Rail Photos, Reports

The A Train is the Country’s Newest Commuter Service

Report and Photos by Russ Jackson, Dallas

As relief from the heavy rail news, all the local and national budget crises, and the summer Amtrak train-delaying floods and heat, there was good rail news: the June 18 startup of the “A Train” (to the appropriate tune) commuter rail line operated by the line owner Denton County Transit Authority here in Texas.

A Denton bound A Train is at the Downtown Lewisville station.

Before: The MKT line at the Garden Ridge exit to Interstate 35E before construction began on the A Train.

After: The same location in summer, 2011, with the A Train main line (left) and the Highland Village-Lewisville Lake station track (right).

Denton is located 40 miles northwest of Dallas. This 21 mile project’s problems are very similar to the truncated SMART line to be built in the North Bay in California, except here it runs its full route while SMART, if built, is unfortunately going to run only between Santa Rosa and San Rafael.

The route goes from Denton southeast to Carrollton on a restored MKT line. The A Train is now open for revenue business for passengers to ride within Denton County or wanting to transfer to DART’s Green Line in Carrollton to go to Dallas, which is the biggest commuter attraction to the service.

A Train passengers transfer to the DART Green Line at the Trinity Mills station in Carrollton.

I had not ridden it until Saturday, July 30, (yeah, my railfan credentials will be revoked) but have spent some weekday time on the platform at the Highland Village-Lake Lewisville station, one of four intermediate stations and the one nearest my home. A staff member there came up with plenty of time to chat, as it was 10:30 AM and no trains would be running again until 3:00. Yes, here is a true commuter line that runs only during commuter hours due to “financial shortfalls.” Oh, they do have service on the hour from 11:00 to 2:00, but it is by “motorcoaches,” which make all stops and take longer than the 37 minutes by train between end points.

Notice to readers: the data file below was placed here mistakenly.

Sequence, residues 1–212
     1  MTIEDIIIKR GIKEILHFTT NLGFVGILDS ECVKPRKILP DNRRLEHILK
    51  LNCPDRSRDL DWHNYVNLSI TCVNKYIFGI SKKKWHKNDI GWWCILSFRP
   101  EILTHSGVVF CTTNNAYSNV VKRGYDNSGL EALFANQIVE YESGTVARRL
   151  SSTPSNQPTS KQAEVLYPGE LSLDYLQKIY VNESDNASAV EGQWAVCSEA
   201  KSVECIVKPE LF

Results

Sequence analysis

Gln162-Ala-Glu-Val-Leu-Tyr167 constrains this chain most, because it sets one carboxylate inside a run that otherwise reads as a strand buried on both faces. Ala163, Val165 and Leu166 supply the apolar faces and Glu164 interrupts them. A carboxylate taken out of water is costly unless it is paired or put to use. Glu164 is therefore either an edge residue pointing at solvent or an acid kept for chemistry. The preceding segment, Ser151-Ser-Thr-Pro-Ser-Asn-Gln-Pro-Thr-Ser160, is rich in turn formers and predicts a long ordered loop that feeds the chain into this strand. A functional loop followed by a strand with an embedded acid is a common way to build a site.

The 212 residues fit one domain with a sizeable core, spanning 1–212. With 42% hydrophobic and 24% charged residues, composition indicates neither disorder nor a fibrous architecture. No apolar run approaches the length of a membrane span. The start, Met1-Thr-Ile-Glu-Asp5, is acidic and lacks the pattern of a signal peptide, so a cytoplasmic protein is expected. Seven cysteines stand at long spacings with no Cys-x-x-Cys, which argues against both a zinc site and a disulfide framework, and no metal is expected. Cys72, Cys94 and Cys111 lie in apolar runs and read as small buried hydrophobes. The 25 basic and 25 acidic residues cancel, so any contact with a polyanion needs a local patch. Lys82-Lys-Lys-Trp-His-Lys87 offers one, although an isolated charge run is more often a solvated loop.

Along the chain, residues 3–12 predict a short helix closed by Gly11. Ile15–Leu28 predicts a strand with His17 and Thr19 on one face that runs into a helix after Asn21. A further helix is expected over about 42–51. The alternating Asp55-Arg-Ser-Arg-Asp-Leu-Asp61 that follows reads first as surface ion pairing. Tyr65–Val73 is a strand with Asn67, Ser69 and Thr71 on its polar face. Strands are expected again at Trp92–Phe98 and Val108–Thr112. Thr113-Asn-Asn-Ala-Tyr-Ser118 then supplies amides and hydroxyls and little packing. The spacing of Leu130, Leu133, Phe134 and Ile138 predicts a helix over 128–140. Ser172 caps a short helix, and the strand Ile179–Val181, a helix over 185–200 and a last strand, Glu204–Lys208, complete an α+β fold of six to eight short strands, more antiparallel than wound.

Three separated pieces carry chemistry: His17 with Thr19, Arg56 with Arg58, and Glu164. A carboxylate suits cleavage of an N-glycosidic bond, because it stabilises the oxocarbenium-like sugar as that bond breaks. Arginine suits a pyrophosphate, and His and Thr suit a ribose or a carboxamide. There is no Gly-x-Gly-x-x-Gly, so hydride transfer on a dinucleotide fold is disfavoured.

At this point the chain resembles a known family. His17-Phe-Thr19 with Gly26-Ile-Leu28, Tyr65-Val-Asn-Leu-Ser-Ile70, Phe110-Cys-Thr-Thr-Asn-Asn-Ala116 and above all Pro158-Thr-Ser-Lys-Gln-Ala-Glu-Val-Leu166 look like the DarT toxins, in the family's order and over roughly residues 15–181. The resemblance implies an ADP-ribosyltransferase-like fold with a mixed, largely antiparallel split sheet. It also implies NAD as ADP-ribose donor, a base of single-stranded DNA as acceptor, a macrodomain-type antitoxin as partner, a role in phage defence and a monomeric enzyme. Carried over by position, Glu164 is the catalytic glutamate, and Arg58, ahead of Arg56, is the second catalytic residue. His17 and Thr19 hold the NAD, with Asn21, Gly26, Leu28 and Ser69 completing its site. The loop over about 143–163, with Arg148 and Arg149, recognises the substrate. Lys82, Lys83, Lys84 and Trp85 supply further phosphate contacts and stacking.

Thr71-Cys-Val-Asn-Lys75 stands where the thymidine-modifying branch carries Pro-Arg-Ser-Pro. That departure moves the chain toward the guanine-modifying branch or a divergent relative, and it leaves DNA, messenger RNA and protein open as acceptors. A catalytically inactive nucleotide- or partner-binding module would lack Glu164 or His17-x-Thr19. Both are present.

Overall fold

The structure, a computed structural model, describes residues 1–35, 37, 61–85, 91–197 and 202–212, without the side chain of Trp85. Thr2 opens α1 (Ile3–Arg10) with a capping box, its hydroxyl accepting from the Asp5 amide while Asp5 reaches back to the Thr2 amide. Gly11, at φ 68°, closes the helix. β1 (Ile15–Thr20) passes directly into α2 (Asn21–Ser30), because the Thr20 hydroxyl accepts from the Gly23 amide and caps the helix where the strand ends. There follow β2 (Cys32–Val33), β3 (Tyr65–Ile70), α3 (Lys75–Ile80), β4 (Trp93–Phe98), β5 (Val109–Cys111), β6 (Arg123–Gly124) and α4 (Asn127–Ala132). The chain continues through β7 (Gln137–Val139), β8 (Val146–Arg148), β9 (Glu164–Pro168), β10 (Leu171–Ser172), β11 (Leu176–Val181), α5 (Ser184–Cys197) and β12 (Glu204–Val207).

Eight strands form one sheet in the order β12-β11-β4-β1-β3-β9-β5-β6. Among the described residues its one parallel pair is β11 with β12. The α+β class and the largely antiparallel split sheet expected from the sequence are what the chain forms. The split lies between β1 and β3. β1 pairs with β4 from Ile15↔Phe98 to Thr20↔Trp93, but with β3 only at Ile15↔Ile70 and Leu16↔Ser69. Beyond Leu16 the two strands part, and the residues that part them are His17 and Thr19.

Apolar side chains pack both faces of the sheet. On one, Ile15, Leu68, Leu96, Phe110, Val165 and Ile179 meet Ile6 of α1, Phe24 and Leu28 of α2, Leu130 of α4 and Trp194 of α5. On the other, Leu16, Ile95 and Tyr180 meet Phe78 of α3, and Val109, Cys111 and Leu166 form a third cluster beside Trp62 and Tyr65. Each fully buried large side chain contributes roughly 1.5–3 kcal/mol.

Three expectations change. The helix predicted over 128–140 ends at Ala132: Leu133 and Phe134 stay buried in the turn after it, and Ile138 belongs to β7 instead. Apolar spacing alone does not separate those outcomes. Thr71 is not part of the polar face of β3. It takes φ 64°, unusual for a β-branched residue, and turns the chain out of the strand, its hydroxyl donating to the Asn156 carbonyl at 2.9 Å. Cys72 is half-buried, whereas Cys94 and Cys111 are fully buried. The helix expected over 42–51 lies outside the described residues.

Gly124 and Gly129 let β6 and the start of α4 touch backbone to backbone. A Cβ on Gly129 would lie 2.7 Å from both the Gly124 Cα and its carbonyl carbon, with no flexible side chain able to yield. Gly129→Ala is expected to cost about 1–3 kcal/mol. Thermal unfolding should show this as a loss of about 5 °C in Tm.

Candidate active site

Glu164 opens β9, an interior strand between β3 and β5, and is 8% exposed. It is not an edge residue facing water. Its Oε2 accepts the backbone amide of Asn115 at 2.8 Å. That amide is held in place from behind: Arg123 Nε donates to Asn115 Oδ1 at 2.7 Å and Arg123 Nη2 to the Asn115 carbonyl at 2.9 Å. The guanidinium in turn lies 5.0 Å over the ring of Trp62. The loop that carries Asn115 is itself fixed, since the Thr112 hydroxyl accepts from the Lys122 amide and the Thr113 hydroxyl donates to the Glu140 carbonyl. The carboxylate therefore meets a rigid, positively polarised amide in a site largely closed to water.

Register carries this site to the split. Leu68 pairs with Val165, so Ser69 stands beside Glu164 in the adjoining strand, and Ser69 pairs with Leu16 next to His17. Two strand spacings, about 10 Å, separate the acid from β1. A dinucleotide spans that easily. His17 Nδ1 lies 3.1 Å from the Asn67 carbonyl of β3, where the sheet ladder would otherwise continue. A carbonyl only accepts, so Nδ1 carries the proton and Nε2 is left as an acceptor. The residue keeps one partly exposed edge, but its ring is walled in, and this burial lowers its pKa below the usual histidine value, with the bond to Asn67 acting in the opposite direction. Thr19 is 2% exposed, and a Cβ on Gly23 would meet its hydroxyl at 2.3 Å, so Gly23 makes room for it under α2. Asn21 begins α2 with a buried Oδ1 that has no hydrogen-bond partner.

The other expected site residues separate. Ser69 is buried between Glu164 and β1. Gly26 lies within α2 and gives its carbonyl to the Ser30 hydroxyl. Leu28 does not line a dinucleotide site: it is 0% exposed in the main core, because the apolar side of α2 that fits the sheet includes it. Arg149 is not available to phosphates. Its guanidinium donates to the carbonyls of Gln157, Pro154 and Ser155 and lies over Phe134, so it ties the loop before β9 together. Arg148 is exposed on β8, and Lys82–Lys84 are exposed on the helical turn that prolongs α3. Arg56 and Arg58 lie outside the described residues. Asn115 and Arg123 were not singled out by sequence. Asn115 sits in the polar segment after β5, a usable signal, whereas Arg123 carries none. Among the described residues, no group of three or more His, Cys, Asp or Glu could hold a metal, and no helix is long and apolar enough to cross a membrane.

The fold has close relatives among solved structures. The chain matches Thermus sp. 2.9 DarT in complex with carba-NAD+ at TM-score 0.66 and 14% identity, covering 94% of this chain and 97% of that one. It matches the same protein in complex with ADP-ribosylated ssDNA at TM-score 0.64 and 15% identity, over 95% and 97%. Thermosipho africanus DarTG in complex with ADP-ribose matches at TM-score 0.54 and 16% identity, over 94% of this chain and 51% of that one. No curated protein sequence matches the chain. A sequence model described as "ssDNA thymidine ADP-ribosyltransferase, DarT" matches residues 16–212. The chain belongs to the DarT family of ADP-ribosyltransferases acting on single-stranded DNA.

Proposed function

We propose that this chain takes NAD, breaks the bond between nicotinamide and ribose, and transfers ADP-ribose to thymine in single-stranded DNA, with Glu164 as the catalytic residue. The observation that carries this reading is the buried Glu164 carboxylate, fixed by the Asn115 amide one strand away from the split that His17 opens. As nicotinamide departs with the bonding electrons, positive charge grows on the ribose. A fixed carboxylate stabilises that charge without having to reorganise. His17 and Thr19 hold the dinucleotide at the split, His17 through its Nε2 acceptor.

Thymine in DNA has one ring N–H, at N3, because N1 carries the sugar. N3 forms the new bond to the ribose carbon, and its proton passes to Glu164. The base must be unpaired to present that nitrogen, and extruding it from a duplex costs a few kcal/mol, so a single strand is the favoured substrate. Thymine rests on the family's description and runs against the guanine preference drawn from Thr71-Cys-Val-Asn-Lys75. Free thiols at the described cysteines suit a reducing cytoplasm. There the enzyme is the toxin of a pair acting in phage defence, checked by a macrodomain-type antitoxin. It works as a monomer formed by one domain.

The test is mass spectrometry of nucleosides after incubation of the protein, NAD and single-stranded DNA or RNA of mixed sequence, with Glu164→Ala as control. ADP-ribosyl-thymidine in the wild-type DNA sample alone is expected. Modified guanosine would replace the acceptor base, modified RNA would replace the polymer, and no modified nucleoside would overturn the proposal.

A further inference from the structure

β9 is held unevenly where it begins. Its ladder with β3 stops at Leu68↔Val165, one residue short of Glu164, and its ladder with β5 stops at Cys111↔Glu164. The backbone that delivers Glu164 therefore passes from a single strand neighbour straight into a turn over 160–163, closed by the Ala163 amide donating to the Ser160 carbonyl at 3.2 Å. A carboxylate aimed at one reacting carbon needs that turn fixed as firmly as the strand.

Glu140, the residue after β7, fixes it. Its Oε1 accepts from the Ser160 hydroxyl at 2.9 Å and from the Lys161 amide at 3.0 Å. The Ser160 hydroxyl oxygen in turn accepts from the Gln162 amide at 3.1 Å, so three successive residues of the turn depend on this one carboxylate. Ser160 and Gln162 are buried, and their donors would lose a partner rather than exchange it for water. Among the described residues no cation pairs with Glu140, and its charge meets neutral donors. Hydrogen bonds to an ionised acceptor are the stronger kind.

Two bicycle riders have ridden the A Train bus from Denton to go to Lake Lewisville on a summer weekday.

Initially the last two southbound trips in the morning went only half way, as the operations people wanted the two trainsets back in the maintenance base just south of the Lewisville station. That decision boomeranged on the DCTA when people on those last two trains found they could not connect with DART at Carrollton and were stuck on the platform at the station in downtown Lewisville.

Yes, the timetable showed that schedule, but when people have not had service like this before how do they know to look at the nuances of a timetable? As a result, DCTA has restored one of the “shorts” to full length service. The last morning train to depart Denton going south is at 8:25 AM. There is Saturday service. It doesn’t start until noon, but is available until midnight!

On Friday nights there is A Train service until midnight. A family, like the one in the photo below did, can ride to the Downtown Denton Transit Center and walk from the station to the shops and restaurants at the downtown Courthouse Square. They found that the ticket machines will not issue family tickets, though, as only one person’s ticket at a time can be processed. That is a “commuter” design, of course. When I rode I found the ticket machine rejected my cash, so I had to pay with a credit card for a “Regional Reduced” (Senior) $2 all-day pass! 4,000 riders per day rode the trains in the introductory first week, and now we know that when revenue service started they are averaging 1,100 with Saturdays their biggest day! When I rode it on Saturday, July 30, a very large number of riders boarded at the Downtown Denton station and almost all of them rode south to the transfer station to the DART Green Line.

The A Train is now using leased former TRE-owned Budd RDC cars until their delivery of eleven new Swiss-built cars arrive starting this Fall. Those cars are GTW 2-6 DMUs, which seat 96 passengers, from Stadler Bussnag AG and reportedly cost $7 million each. These new 70 percent low floor vehicles also run on the New Jersey Riverline and the Austin, Texas Capitol Metro.

This couple had trouble reading the ticket machine screen with sunlight shining directly on it.

Downtown Denton Transit Center, across the street from City Hall.

The RDC seats are very comfortable, but the new Stadler cars will have hard commuter type seats.

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